Unfortunately, I've never actually purchased a Japanese PS2 (they are overpriced in Japan compared to the sale of the console overseas). BB Navigator is an exlusive Japan-only product. Alas, here's this guide. The BB Navigator will only install and function with a Japanese region PS2 and HDD. However, with a DMS3 modchip and the official PS2Linux (which comes with the HDD, keyboard, and mouse), you can successfully boot and install a copy of BB Navigator on any non-Japan version PS2. However, I will not delve into that as there are numorous guides available on the internet regarding the process.
- The PS2 Browser... (duh!)
- Note: With an official installation of BB NAVI on a Japanese PS2, you will not see the above menu. Instead, the PS2 boots automatically into BB NAVI and you are presented with you're enhanced interface.
Involving PS2 Linux
Even though BB NAVI is easily installed, when it runs, it checks the PS2 & HDD for the Japanese region codes, therefore the BB NAVI will only run on a Japanese machine. Luckily, BB Navigator is a software written based on Linux. Thus, we can easily fool the software in running using emulation with PS2 Linux. This requires you to own the PS2 Linux Kit, which is actually a plus because you get the same HDD that is bundled with the current FFXI package. Both currently costs $99.
You will need a few binaries as well as a modified PS2 Linux save file for BB NAVI on your memory card. Aussiewan has written an excellent and detailed guide, though it is very outdated. Follow his instructions to get PS2 Linux onto your memory card.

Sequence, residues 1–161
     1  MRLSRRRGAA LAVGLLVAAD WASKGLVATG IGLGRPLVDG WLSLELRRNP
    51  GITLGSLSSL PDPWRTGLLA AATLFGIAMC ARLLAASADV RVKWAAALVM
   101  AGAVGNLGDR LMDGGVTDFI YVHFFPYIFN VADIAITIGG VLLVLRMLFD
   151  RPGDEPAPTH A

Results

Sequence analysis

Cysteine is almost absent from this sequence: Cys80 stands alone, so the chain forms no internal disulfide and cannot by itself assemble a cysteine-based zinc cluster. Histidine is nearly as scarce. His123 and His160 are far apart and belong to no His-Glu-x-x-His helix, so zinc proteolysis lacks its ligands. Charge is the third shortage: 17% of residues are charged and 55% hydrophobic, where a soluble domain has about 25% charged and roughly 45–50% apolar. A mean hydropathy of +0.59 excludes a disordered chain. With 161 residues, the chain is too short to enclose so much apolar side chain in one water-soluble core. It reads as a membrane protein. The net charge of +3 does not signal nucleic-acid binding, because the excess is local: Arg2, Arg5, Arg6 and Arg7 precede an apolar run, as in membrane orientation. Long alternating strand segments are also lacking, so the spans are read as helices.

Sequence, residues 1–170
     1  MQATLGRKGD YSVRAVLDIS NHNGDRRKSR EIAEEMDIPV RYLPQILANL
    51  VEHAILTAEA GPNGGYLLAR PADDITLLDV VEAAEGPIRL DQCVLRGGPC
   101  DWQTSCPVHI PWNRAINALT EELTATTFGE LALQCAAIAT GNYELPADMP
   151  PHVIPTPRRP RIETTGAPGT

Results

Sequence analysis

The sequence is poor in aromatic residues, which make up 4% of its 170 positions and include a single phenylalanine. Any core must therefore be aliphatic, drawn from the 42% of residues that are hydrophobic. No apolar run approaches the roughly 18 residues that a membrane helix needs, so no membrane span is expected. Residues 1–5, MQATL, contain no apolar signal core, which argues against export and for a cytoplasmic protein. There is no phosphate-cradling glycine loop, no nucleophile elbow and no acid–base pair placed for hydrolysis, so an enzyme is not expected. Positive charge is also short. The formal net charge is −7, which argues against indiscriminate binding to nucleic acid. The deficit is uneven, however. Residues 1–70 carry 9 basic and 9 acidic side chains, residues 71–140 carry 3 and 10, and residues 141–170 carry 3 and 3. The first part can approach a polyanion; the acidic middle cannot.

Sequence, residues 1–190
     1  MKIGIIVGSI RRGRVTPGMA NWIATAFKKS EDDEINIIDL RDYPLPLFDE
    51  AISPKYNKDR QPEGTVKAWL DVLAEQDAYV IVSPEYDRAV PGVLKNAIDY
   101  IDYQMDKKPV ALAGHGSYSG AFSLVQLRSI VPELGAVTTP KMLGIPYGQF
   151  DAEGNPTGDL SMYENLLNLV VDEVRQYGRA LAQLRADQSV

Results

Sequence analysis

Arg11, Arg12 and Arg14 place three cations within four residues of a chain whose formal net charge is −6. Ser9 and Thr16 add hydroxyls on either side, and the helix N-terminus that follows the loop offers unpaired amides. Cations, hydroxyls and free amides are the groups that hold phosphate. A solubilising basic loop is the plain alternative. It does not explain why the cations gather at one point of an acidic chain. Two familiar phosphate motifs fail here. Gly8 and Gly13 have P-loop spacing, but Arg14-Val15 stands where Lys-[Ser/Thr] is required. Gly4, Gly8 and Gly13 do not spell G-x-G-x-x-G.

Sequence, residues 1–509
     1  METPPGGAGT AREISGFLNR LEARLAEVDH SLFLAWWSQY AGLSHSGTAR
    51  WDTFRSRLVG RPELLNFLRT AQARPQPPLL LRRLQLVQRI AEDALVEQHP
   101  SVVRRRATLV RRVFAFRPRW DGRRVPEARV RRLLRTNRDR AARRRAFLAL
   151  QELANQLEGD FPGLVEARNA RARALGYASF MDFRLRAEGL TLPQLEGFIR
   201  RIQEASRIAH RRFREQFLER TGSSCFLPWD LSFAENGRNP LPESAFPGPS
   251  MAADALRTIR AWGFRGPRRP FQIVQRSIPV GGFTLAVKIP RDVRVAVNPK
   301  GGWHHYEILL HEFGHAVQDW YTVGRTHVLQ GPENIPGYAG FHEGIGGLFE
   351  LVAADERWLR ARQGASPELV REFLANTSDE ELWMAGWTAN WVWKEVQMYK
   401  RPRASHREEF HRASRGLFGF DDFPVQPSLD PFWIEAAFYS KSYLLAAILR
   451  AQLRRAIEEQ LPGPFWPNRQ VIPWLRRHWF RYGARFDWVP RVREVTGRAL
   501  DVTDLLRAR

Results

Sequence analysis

- After inserting the PS2 Linux RTE (Disc 1), you will be shown the RTE Boot Menu.
Note: Just in case you did not read the PS2 Linux manual, you should know that the disc boots in RGB mode by default. Unless you have a monitor (as in LCD or CRT) connected to your ps2 you will not be able to see anything. To override this, when booting the RTE disc, at the PlayStation2 logo screen hold SELECT + START + R1 to boot into NTSC mode. For PAL users, hold SELECT + START + L1.
- Select Boot from the list of options.
- Choose BBNAV3 from the list of booting options.
- Loading boot information from disc.
- PS2 Linux takes over to emulate the BB NAVI process.
Note: After Linux loads and configures all the required modules, you will be presented with a screen with flying electrons... like the image presented at the top of the page. Remember that you must eject your Linux RTE disc at this point to continue the booting process. (This is because BB NAVI was designed to automatically boot in a Japanese console when no valid disc is present. When there is a PS or PS2 disc present in the tray, the PS2 will attempt to boot inserted game. In our case, you wouldn't want to re-boot PS2 Linux again.)
- Tada! Now we are in PlayStation BB menu screen. The Japanese text displayed here is prompting you that BB NAVI needs to set up your internet preferences. Pressing O will take you to the next screen where you will enter your DNS, ISP settings and etc.